Lynval Golding, guitar, backing vocals, songwriter
When we were in the Specials, working on the More Specials album, every day someone would leave the band, then three days later they’d rejoin. It’s an amazing record, but we needed a good break from each other. After doing Ghost Town on Top of the Pops, three of us went to see [songwriter and keyboard-player] Jerry Dammers at his house and told him we were leaving. He was in bed and said, “You’re not allowed to leave.” We said, “That’s the reason we’re going, Jerry”, and walked out.
We’d already written The Lunatics (Have Taken Over the Asylum), which I always thought was a potential follow-up to Ghost Town. Instead, it became our first single as Fun Boy Three. Terry Hall, our singer, came up with the name, which was deliberately ironic.
We all shared an apartment in Notting Hill, London. We’d watch football, I’d strum my guitar and we’d talk and talk. Then I’d just leave Terry alone. He’d smoke a cigarette and write some lyrics. Life under Margaret Thatcher had inspired the Specials’ songs. With Lunatics, Terry wrote about nuclear war and the then US president Ronald Reagan, the idea being that the world was being run by lunatics. Forty years later, nothing’s changed.
We wanted a more percussive sound and built the song from the ground up, creating the rhythm using conga drums. Terry wrote the melody on a keyboard – he was so talented. At the time, everyone was starting to use electronic Linn drums and suchlike but the conga groove was almost Afrobeat. In the studio, Terry would sometimes do a guide vocal but then he’d go back and do the vocals at five or six in the morning. He was a complex man. I often wonder whether being traumatised by abuse in childhood triggered his creativity.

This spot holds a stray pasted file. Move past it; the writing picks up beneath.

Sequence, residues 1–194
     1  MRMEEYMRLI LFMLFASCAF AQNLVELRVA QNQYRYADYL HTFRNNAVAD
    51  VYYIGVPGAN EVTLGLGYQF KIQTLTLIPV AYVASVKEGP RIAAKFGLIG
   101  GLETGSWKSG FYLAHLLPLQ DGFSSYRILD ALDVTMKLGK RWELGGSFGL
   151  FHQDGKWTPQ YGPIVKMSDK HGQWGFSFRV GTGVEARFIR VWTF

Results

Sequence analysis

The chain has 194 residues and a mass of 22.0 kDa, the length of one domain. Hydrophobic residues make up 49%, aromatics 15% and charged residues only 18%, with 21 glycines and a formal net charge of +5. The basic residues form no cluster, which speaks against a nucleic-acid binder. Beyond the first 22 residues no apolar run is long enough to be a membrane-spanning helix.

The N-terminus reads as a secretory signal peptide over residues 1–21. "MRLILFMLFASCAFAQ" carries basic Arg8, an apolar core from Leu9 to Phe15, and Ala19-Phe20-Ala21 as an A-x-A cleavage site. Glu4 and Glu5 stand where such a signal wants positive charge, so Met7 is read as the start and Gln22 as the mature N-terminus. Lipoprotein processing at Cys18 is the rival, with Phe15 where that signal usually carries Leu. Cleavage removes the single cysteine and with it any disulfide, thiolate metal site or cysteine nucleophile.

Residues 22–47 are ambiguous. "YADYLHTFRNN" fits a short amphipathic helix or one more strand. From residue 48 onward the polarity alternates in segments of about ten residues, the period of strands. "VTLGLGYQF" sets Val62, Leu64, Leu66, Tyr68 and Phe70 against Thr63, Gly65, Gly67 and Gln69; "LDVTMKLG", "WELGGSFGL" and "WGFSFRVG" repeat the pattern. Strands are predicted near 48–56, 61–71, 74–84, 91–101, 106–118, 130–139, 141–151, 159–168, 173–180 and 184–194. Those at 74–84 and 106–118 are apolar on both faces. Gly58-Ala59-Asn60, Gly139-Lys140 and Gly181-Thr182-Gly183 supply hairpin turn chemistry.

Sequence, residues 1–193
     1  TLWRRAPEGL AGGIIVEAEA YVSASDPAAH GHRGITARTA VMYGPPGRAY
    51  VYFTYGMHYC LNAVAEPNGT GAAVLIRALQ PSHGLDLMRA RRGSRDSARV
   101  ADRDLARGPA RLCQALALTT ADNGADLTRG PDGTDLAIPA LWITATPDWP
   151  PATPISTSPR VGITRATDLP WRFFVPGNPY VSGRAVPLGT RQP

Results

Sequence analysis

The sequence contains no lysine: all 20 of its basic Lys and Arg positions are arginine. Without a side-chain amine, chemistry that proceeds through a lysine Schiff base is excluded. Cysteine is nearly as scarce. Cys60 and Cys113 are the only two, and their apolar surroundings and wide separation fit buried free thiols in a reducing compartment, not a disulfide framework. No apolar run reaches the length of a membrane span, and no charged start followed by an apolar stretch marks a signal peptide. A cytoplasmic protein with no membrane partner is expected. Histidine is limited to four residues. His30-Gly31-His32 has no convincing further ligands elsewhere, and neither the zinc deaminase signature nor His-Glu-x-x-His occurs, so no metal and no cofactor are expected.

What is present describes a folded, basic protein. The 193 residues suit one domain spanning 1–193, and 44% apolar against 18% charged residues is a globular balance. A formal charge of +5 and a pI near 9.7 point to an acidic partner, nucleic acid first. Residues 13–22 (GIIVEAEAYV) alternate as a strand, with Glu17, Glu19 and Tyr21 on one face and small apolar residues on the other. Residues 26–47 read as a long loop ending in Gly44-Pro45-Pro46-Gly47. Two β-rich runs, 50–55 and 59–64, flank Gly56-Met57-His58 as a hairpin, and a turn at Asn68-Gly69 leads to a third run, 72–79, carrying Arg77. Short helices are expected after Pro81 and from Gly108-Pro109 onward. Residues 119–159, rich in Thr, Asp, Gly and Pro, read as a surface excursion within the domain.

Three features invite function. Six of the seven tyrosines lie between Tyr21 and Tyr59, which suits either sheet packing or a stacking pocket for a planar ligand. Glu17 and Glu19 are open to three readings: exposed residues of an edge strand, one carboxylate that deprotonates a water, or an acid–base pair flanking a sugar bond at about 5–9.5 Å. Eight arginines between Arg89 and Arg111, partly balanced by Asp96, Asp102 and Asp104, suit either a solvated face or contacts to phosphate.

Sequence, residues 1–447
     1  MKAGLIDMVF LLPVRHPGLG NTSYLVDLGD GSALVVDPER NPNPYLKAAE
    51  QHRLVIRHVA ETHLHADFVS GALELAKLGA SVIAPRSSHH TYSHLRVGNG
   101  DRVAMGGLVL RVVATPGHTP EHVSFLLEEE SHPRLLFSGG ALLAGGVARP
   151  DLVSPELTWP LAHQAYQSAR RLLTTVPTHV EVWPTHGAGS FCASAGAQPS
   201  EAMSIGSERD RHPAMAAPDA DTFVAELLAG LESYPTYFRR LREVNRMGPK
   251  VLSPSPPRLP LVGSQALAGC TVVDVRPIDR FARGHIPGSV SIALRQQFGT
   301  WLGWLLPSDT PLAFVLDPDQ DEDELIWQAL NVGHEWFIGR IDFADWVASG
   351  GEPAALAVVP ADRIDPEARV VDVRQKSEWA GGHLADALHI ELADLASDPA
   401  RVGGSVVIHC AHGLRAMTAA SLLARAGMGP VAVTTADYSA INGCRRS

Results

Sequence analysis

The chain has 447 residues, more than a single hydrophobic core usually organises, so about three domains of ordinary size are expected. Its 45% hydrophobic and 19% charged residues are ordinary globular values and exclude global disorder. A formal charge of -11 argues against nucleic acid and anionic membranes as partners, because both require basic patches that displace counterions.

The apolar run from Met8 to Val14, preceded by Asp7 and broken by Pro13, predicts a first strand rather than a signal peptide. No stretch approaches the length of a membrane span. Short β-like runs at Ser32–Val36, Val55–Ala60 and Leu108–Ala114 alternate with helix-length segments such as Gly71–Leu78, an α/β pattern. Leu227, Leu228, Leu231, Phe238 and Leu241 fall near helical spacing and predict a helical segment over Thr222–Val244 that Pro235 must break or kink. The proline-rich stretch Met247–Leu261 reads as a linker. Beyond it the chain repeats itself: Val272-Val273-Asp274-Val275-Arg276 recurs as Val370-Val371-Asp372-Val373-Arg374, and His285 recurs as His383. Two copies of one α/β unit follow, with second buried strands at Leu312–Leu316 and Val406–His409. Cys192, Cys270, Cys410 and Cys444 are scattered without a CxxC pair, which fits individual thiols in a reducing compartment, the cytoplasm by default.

Before last Christmas, when Terry was dying, I was in Jamaica and dreamed about him, seeing his face when he was 17 and first joined the Specials. In my dream, I looked at him and said: “You look good, man.” He never answered, smiled and was gone. Our box set was planned before he died: I hope it will give people a way to celebrate what a great and amazing artist he was. From now on, everything I do will be about remembering Terry.
Neville Staple, backing vocals, percussion
In the Specials, everything was going great – and then it wasn’t. There were arguments about money and about tax, and we wanted to put our own ideas in, which we didn’t feel able to. You don’t think about whether it’s a good idea to walk away from a very successful band who’ve just had a No 1 single; you just want to go where there are fewer arguments. Our decision to leave was vindicated when the new group was accepted.
For me, Fun Boy Three was something different. People always told us: “You lot look miserable.” So the name was a play on that. Lunatics was the first song we wrote together. I’d played percussion in bands before the Specials – with people like Ray King or Lieutenant Pigeon – so the change in sound, away from ska, was easy for me. Everyone joined in on percussion. The producer, Dave Jordan, got on great with us in the Specials and knew what we were like. So when we went for a new sound, he knew where we were coming from. On the first album, Terry found the Bananarama girls and got them in to sing with us. It wasn’t just guys doing music.
At the time, there was a lot of fighting everywhere, police doing stop and search. It felt like everyone was being watched, too, hence the lines, “They’re watching every move we make / We’re all included on their list.” I always thought the first line, “I see a clinic full of cynics”, was about parliament. Reagan, global starvation … all the things in the lyrics were happening at the time. People were even making nuclear bunkers in their gardens.
I suppose putting out a very political song as the first single was a bold statement but you don’t think: “Will we still be big?” It’s just what you want to do. Fun Boy Three don’t get as much acclaim as the Specials but whenever I play festivals with my band, kids sing all the Specials songs and the Fun Boy Three ones as well. Whenever we were together, we were like family, so it’s been a big shock losing Terry. Whenever I do Fun Boy Three songs, I always dedicate them to him.